The United Kingdom's GW Pharmaceuticals would also no doubt welcome the DEA's call for rescheduling. GW Pharma is the manufacturer of Sativex — an oral spray containing plant-derived extracts of the cannabinoids THC and CBD (cannabidiol). The spray is presently available in Canada and the United Kingdom, but could not be legally marketed in the United States, even with FDA approval, until its natural cannabinoid compounds are reclassified under federal law.
Ironically, the federal government itself also stands to benefit financially from rescheduling. After all, under the U.S. government's existing monopoly on marijuana production — a monopoly that was upheld in 2009 when the DEA rejected its own administrative law judge's decision in Craker — no domestic-based pharmaceutical company wishing to develop products derived from organic THC could legally acquire the necessary extracts without first contracting to purchase those compounds from the federal government's sole pot farm, located at the University of Mississippi at Oxford.
While the DEA's forthcoming regulatory change promises to stimulate the advent of legally available, natural THC therapeutic products — and will also likely encourage the development of less expensive yet similarly synthetic alternatives to Marinol — the change will offer no legal relief for those hundreds of thousands of Americans who believe that therapeutic relief is best obtained by use of the whole plant itself. Rather the DEA appears content to try to walk a political and semantic tightrope that alleges: "pot is bad," but "pot-derived pharmaceuticals are good."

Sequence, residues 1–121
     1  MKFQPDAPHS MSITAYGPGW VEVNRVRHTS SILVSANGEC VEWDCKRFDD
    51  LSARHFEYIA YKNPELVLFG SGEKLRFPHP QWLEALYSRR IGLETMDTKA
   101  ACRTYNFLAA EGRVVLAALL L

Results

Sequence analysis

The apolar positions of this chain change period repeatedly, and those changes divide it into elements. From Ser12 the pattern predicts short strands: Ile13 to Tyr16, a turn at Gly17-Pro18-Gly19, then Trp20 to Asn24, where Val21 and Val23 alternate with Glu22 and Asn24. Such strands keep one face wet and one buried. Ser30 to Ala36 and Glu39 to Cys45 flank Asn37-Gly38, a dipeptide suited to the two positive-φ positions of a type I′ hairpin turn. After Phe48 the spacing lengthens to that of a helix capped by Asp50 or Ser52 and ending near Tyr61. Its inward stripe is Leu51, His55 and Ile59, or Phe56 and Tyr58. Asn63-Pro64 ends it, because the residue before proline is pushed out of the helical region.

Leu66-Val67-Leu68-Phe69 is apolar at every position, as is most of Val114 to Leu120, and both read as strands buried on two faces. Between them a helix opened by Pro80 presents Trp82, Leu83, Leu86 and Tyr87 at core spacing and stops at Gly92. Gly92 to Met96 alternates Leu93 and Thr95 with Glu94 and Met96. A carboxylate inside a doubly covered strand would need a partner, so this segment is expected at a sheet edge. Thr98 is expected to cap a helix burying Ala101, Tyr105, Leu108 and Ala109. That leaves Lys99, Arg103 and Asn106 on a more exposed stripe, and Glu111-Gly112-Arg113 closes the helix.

It's a position that would appear to be scientifically untenable, and one that will do little to bridge the existing gap between the public's demand for a rational medical marijuana policy and the federal government's desire to maintain a criminal prohibition that lacks any rational basis whatsoever.